When you need to treat primary molars with cavitated carious lesions and sensible (vital) asymptomatic pulps, you may have three choices: conventional excavation and restoration, the Hall Technique (sealing the caries using a preformed crown), and pulpotomy. Which strategy is the most cost effective?
Schwendicke, M. Stolpe, and N. Innes compared them and published their results in the International Endodontic Journal. Since pulpotomy would not be applied to all teeth in clinical reality, they modeled decision-making under perfect information. Teeth that were at risk for pulpal complications received an immediate pulpotomy, while all others were treated conventionally.
The researchers constructed a Markov model and derived transition probabilities from randomized trials or systematic reviews. They also followed a carious molar in a 5-year-old until exfoliation. Next, they assessed cost-effectiveness within the German healthcare system using a public-payer perspective. And, they performed Monte Carlo micro-simulations to evaluate the primary outcome in costs (in Euro) per year of tooth retention.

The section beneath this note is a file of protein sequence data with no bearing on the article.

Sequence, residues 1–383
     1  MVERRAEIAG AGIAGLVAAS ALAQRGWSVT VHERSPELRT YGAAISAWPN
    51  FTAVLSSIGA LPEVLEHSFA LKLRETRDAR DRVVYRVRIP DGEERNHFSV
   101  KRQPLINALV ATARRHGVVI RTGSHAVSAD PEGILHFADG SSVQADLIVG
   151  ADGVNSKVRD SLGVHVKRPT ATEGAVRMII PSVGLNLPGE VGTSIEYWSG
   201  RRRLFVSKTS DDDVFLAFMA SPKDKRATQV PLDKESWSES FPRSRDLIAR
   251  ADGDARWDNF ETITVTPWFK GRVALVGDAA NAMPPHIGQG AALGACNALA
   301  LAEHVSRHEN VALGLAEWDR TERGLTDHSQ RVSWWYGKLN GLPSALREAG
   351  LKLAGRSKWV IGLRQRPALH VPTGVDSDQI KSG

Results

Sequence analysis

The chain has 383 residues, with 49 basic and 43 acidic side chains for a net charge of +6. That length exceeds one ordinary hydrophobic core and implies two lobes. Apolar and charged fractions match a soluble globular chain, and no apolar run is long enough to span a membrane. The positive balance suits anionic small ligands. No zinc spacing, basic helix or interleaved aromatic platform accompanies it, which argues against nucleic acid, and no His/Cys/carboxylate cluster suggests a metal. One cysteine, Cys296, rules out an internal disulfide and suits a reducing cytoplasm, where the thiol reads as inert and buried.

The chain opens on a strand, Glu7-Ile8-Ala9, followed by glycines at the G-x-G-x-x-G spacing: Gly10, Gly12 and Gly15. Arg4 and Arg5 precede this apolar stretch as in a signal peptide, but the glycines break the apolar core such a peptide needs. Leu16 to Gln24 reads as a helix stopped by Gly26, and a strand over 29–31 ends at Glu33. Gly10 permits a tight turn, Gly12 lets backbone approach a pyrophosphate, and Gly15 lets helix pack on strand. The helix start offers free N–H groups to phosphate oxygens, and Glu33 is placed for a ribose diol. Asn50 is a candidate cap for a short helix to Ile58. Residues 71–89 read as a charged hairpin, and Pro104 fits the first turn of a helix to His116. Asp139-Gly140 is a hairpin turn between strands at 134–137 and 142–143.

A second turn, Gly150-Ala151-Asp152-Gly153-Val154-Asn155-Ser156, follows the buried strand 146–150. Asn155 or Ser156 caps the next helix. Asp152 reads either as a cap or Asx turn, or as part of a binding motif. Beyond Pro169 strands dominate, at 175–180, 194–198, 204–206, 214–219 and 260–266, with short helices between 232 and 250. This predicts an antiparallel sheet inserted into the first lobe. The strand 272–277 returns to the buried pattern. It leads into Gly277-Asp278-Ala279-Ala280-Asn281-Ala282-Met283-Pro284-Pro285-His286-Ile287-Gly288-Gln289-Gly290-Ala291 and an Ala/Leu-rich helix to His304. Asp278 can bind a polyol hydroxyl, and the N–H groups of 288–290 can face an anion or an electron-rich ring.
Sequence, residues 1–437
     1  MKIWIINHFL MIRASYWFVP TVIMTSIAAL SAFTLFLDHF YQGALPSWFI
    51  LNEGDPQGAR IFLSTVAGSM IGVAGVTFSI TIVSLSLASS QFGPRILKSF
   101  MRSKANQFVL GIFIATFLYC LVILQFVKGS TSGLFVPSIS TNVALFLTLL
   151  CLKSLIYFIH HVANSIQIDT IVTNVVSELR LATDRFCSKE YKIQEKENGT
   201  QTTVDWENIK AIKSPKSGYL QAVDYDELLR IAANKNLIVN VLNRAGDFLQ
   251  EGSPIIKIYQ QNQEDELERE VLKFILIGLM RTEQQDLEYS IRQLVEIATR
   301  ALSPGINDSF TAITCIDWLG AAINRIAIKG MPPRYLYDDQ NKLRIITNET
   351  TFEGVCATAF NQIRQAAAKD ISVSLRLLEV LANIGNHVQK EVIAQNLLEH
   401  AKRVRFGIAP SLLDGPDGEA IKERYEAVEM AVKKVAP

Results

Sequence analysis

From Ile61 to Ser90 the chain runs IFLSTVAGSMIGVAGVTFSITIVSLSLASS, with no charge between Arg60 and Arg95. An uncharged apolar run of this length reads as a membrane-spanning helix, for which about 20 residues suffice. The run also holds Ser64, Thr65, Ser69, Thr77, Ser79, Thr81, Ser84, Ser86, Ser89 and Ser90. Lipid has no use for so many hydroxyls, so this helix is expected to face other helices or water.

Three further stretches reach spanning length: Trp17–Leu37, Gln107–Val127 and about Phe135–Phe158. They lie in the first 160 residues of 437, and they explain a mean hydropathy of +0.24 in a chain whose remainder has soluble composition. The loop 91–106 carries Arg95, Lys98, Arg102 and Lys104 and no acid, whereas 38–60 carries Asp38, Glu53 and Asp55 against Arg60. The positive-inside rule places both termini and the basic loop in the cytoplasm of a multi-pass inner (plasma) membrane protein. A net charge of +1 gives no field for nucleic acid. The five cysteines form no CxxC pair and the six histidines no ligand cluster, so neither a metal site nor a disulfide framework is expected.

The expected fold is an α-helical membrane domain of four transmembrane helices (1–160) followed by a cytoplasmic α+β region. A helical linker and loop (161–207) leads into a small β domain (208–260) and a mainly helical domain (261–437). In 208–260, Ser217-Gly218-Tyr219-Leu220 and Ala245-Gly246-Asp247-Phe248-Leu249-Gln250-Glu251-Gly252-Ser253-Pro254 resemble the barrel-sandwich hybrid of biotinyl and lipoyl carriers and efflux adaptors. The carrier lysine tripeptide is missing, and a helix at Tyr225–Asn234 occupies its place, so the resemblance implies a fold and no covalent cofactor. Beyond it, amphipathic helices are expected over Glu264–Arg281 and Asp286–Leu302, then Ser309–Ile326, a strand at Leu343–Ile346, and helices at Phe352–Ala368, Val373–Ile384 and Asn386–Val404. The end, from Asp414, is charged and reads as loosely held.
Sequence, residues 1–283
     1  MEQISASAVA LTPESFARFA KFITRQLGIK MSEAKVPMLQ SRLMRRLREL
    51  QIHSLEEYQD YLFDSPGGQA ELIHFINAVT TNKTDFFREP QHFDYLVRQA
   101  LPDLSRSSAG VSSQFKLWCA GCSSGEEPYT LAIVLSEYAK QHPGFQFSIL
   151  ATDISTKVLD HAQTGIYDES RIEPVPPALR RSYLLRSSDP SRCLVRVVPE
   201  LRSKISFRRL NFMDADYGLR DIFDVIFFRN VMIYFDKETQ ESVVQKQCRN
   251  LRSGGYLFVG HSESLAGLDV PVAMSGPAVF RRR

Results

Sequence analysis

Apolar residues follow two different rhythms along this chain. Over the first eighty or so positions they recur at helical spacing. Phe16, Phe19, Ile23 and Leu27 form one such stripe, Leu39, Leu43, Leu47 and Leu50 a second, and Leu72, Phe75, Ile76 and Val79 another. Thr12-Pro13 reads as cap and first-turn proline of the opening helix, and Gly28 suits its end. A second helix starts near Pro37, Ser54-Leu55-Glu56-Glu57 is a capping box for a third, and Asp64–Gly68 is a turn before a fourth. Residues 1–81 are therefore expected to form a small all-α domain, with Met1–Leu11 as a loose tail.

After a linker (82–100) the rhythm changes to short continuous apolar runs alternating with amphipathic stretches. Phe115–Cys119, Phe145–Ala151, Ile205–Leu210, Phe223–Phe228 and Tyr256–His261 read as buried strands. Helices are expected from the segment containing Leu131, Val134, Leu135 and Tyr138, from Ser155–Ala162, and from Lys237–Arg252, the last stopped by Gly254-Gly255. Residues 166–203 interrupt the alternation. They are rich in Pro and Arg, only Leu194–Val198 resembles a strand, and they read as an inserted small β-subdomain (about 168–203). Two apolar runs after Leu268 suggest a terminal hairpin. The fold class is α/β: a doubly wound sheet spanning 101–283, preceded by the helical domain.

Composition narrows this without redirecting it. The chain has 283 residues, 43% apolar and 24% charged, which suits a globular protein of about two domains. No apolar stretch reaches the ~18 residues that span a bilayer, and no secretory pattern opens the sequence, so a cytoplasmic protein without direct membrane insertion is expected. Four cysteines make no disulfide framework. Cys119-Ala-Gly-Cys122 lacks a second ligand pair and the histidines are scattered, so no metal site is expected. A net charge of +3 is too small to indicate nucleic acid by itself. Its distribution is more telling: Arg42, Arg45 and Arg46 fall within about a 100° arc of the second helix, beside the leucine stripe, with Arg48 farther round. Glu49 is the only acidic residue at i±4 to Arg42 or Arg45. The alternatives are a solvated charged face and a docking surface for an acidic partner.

Conventional treatment proved least effective and more expensive than the Hall Technique. Risk-based pulpotomy was more costly, but also more effective than the alternatives. Overall, the Hall Technique was the most cost effective, at 9.77 Euro/year, followed by pulpotomy at 11.75 Euro/year and conventional treatment at 13.31 Euro/year.
Risk-based pulpotomy was most cost-effective for payers who were willing to invest more than 59 Euro per additional year of tooth retention. However, providing pulpotomy to all teeth was not cost-effective. Accurately predicting such pulpal complications currently isn’t possible, the researchers noted. Risk-based decision making does not necessarily reduce costs.